In an Employment Tribunal hearing the cross examination of witnesses represents the majority of a disciplinary hearing. By contrast in a misconduct hearing of an employee the overwhelming majority of hearings will feature no cross examination of witnesses at all. As was set out in R (Bonhoeffer) v General Medical Council in certain circumstances the … Continue reading Cross Examining Witnesses in Disciplinary Hearings

Unite Union, Labour, and Zero Hour Contracts

It is certainly not a new tactic: when a politic party makes a proposal with which the other parties are not too enamored they adopt a guilt by association posture. And so it was last week, fresh from the Labour Party launching its Business manifesto cracking down on zero hour contracts, the Tory cheerleaders at … Continue reading Unite Union, Labour, and Zero Hour Contracts

Unfair Dismissal and the Myth of Red Tape

The Lancashire Telegraph is running a story on the unfair dismissal ruling of a former employee of Moorlands School in Clitheroe, Lancashire. Along with two other members of school staff of Moorlands School, a private boarding school in Lancashire, the claimant was supervising a school trip at which a number of pupils got drunk. Depending … Continue reading Unfair Dismissal and the Myth of Red Tape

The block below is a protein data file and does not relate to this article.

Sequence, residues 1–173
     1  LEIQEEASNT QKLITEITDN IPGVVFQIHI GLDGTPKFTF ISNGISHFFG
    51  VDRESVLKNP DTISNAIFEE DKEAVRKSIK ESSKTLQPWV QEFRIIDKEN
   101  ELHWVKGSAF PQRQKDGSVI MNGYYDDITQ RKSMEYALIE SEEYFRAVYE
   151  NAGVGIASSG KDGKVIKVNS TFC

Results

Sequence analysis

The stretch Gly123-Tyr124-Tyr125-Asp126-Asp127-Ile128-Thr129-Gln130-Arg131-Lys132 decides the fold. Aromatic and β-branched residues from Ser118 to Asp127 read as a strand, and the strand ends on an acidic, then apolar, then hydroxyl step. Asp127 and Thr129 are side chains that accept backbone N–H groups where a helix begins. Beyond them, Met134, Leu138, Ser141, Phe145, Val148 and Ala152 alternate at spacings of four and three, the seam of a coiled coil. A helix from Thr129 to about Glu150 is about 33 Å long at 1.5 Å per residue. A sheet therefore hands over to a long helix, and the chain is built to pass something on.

The Obligatory Top Gear Employment Law Post

This week the fate of Top Gear's Jeremy Clarkson should be decided. The background facts do not appear to be contested (although no-one external can know for sure): Clarkson got into some type of fracas in a canteen with a more junior colleague and hit him. I have not seen the BBC's disciplinary policy but … Continue reading The Obligatory Top Gear Employment Law Post

Affirming Gross Misconduct